gambling

Sin and money: In the Deep South, why one state seems more willing to embrace gambling

Sin and money: In the Deep South, why one state seems more willing to embrace gambling

In my time with The Associated Press in Nashville, Tenn., I spent months covering the 2002 battle over a proposed state lottery.

Before Tennessee voters went to the polls that November, I wrote a story explaining why religious opponents had avoided portraying the referendum as a "moral issue."

From that story, which ran on the national political wire:

“To win, we could not make it a preacher issue,” said the Rev. Paul Durham, a Southern Baptist pastor and treasurer for the Gambling Free Tennessee Alliance. “We had to make it a truth issue.”

The campaign’s lack of Bible thumping reflects political and theological realities in the battle over lifting a constitutional ban on a lottery. Polls have consistently shown most Tennesseans – those in the pews and otherwise – see no inherent evil in the concept of a lottery.

“Since 47 states have gambling, I would have to think God’s not really against it,” said state Sen. Steve Cohen, a Democrat and the state’s chief lottery proponent.

As it turned out, the lottery proposal passed easily — winning support from 58 percent of the nearly 1.6 million Tennesseans who voted.

I was reminded of the Volunteer State's experience when I read a New York Times piece Sunday making the case that "Alabama's Longtime Hostility to Gambling Shows Signs of Fading." Among those pushing for a lottery vote: both major-party gubernatorial candidates nominated last week.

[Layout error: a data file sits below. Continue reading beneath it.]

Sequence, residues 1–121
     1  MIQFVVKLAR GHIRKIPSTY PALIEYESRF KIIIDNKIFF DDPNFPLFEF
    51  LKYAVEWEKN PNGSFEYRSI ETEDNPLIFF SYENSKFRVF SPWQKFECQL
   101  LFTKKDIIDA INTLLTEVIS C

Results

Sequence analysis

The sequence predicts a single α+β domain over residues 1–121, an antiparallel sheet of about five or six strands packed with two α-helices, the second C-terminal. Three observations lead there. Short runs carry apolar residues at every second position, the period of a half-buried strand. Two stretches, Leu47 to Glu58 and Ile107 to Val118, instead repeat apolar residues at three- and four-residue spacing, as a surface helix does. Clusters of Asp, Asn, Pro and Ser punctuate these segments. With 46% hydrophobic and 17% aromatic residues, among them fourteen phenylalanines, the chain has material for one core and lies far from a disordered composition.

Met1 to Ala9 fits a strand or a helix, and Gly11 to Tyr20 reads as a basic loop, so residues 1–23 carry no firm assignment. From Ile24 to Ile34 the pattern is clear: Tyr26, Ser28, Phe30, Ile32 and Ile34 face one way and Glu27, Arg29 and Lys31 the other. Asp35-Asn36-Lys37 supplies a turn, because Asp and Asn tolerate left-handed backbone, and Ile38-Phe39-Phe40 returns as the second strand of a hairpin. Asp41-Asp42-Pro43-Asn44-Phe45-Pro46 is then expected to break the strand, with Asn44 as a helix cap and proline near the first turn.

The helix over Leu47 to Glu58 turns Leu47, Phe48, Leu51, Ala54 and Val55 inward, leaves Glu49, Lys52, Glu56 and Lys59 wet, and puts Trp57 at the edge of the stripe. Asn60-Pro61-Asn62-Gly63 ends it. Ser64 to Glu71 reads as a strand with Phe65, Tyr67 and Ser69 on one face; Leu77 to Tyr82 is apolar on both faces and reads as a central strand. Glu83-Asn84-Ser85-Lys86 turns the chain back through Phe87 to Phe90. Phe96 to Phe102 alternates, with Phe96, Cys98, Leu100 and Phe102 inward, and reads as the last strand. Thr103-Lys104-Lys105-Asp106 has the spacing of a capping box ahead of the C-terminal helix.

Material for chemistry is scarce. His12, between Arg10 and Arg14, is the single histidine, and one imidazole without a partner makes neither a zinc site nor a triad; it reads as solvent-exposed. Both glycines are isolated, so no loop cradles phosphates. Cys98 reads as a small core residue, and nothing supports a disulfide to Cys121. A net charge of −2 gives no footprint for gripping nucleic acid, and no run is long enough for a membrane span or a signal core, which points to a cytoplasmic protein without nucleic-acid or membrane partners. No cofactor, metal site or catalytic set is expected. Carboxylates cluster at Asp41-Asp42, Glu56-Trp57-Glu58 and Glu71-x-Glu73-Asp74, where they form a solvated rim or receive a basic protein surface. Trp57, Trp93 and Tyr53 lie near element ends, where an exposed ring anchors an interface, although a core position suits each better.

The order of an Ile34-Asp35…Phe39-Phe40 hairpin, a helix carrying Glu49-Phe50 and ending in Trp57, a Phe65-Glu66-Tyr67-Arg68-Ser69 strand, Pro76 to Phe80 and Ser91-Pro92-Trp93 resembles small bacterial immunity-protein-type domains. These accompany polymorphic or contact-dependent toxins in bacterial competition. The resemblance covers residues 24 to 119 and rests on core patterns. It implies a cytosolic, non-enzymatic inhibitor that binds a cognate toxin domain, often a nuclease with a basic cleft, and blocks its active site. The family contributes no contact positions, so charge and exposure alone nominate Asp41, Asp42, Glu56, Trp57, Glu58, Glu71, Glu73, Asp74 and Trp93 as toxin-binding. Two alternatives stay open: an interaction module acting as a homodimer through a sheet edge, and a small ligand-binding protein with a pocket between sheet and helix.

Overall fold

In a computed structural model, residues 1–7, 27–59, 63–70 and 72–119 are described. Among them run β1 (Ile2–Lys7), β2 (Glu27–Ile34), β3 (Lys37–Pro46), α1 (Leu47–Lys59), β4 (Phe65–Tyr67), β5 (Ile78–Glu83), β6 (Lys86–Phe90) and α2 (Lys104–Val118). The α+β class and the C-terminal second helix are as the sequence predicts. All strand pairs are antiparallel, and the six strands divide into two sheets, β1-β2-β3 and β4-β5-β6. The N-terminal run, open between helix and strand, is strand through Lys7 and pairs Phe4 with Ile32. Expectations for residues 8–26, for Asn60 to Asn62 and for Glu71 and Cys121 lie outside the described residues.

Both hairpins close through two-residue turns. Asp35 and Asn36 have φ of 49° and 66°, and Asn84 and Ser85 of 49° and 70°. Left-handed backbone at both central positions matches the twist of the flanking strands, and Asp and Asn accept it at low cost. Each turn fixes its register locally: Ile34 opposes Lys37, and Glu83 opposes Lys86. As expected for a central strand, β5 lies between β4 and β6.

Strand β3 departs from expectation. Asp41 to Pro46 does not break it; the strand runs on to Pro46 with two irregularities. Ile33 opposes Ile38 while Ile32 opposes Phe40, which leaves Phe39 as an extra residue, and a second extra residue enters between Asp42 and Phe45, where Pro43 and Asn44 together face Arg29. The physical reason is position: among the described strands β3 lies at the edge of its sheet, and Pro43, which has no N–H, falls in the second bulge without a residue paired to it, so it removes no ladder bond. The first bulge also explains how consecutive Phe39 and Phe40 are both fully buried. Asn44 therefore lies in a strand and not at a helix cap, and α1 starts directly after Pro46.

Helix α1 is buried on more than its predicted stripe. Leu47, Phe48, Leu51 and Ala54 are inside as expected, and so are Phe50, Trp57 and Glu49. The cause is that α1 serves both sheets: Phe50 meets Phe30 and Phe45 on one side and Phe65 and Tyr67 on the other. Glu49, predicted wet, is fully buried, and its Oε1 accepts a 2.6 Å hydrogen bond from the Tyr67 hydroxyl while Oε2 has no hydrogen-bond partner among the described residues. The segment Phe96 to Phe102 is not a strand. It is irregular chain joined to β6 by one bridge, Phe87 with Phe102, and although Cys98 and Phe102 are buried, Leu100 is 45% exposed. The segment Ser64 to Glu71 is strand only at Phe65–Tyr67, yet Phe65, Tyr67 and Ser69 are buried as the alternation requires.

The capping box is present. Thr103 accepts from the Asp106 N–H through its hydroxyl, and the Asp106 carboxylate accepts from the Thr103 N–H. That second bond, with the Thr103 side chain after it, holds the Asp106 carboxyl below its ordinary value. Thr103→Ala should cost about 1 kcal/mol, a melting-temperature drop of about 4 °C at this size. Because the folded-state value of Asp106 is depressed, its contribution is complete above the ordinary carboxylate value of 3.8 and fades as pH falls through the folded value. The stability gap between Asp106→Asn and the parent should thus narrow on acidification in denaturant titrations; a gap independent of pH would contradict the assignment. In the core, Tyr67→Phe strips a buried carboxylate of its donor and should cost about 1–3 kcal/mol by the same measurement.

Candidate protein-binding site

The Times' lede:

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Roll the 'why?' dice: Waiting, waiting to learn why the Las Vegas gunman did what he did

Roll the 'why?' dice: Waiting, waiting to learn why the Las Vegas gunman did what he did

Right now, I am doing what I assume many of you are doing, especially GetReligion readers who work in news media.

I am reading everything that I can about 64-year-old Stephen Paddock and the massacre in Las Vegas and I'm waiting for the shoe to drop. It's the "why?" shoe, as in "who, what, when, where, why and how?"

As is so often the case, in this sinful and fallen world, the next shoe could have something to do with religion. Islamic State leaders have already done what they do and, in this case, that statement looks even more cynical and senseless than usual. A CBS story noted:

The Islamic State of Iraq and Syria (ISIS) claimed ... that the man who opened fire on concertgoers in Las Vegas, killing at least 50 people, was acting on behalf of the group, but offered no evidence. ...
The statement offered no proof of a link with Paddock, nor did it identify him by name.

The next shoe to drop could be political, at which point the political content will take on cultural and perhaps even religious content. Why? Because that's the way things work in culture-wars America.

When you heard that the slaughter was in Vegas, that caused you to ponder one possible set of motives for a shooter. When you heard that the victims were at a country-music show, that triggered another set of assumptions, at least about the people being shot. That appears to have been the case for one lawyer linked to CBS -- Hayley Geftman-Gold (but not tied to the newsroom). In an update, CBS fired her.

“If they wouldn’t do anything when children were murdered I have no hope that Repugs will ever do the right thing,” wrote Geftman-Gold on Facebook. ... “I’m actually not even sympathetic bc country musica fans often are Republican gun toters.”